Projects that aren't meant to generate a wheel and `pyproject.toml`

Okay, I guess I am.

The way I see it, it’s like, suppose I have some kind of “project”. Whatever that may mean, at a minimum it means I wrote some files that contain Python source code. That code has some import statements. I see the purpose of dependency specification as essentially listing the libraries that I import. That’s it.[1]

So if my code has import numpy, I’m going to list numpy as a dependency. Why would I want to list that in a different way if it’s going to be run than if it’s going to be imported as a library? Either way, numpy needs to be installed before my file that says import numpy gets executed.

Why not? If my code depends on a library and I know that library made a breaking API change in moving from v2.9 to v3.0, so my code can’t run with version 3 of that library, why not specify "<3 " in my dependency listing for that library?

  1. As has been noted, this could kind of almost be done automatically by scraping imports, except that we can’t link the import name to the distribution name, and (more important) the import doesn’t list the required versions. ↩︎

If you know, sure. Realistically, you generally don’t know. People often preemptively add this kind of restriction because “omg a new major version will break everything, that’s what they’re for after all”. However, in general this is just forcing things to break when they might not have to, and it messes with dependency solutions for more complex projects that include your package.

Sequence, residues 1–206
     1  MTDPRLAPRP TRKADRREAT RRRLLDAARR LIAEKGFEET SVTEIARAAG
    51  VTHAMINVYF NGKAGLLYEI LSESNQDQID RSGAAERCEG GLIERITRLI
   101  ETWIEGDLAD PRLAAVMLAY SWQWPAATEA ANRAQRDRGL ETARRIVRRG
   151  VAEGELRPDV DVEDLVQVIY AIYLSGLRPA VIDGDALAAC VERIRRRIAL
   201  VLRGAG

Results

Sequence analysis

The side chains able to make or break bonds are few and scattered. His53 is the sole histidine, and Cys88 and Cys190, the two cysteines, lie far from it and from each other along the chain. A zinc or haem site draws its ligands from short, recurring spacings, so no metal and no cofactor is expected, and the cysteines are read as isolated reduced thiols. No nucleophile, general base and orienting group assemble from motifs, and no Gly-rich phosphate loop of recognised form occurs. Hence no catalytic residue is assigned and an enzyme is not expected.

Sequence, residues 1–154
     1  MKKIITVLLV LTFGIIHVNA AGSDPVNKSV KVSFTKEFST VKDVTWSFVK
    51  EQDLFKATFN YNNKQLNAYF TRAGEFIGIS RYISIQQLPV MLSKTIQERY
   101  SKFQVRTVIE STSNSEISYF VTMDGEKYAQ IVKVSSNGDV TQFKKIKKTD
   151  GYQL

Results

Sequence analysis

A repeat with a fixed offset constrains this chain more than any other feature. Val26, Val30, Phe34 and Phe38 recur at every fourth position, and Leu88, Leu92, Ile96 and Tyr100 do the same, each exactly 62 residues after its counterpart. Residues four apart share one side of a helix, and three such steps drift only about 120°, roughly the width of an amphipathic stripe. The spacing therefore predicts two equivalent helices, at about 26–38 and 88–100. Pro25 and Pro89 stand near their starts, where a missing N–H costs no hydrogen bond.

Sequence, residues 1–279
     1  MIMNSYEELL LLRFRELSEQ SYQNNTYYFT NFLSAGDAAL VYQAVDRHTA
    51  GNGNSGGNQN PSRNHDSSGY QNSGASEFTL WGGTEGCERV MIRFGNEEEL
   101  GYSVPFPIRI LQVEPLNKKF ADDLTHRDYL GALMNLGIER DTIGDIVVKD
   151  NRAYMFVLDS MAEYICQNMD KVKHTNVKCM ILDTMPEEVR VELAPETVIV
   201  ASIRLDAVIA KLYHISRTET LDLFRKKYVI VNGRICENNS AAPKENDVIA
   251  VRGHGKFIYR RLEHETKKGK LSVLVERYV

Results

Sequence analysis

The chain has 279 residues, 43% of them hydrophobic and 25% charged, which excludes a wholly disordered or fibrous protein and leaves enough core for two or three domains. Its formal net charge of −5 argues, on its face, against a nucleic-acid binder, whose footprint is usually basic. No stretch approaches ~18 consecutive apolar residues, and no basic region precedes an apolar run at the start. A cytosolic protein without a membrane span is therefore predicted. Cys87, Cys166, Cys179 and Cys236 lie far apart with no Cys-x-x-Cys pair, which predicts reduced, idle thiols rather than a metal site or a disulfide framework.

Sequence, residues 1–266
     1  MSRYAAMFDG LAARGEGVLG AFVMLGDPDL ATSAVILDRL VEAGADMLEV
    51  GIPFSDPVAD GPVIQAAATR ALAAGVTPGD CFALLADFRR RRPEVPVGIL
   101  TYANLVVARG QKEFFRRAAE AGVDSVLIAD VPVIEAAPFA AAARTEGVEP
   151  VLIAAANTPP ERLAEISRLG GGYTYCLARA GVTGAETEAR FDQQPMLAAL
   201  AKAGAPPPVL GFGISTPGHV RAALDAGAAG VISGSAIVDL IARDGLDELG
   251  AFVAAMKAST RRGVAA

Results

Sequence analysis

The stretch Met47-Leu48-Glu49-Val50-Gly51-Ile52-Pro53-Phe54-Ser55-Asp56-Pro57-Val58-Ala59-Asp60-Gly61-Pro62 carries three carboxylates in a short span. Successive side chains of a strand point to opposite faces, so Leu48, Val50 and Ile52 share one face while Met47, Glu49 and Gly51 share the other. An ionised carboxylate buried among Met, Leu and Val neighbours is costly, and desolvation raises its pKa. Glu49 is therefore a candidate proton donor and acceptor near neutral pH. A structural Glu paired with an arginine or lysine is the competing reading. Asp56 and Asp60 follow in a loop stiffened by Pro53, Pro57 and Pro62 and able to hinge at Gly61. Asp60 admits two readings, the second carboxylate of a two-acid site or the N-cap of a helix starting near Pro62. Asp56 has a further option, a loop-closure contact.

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Because if it’s being run, you might want to pin a version for reproducibility. If you’re building a library, you want to avoid pinning, so your users aren’t over-constrained. You need to read one of the articles around on application vs library dependencies - this one is quite old, but still very relevant.


Note that the referenced blog post is in the context of overzealous pins in libraries (i.e. something meant to be reused and installed as a Python package), not applications which are the typical target use case that is being discussed here.


Okay, I’m familiar with those arguments, but having a whole separate key just in case you might want to pin in one situation but not in the other seems a bit extreme to me. Is there any other difference envisioned between these two keys other than “one of them might use pinned versions and the other one shouldn’t”? And is “distributing an application (where you might want to pin versions)” the only non-wheel case that is being discussed here?

Also, even in the pinning case, still what I usually do (and maybe this is bad?) is try to derive the versions to pin from a list of unpinned versions, i.e., let the resolver try to find what it thinks is a working set of versions, and then just pin what it comes up with (or back off if it doesn’t). That’s why I was asking about whether the [run] list would be derived from a [project] list.[1]

  1. In either case (although I’m aware some might regard this as broadening the scope too much :slight_smile: ), I’d say version upper bounds would not be such a problem if PyPI metadata were mutable, as discussed on pypacking-native. ↩︎

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Semantically they mean different things. If you look at all the metadata recorded in the [project] table you will notice it’s very much about the metadata you write down for a wheel (by design). That does not align with what you need to run your application (e.g., do you really need keywords?). That’s the point my blog post was trying to convey.

I view this about “running an application”, not distribution specifically. While this could help tools that build something to let you distribute your app, I don’t view it as the design goal here.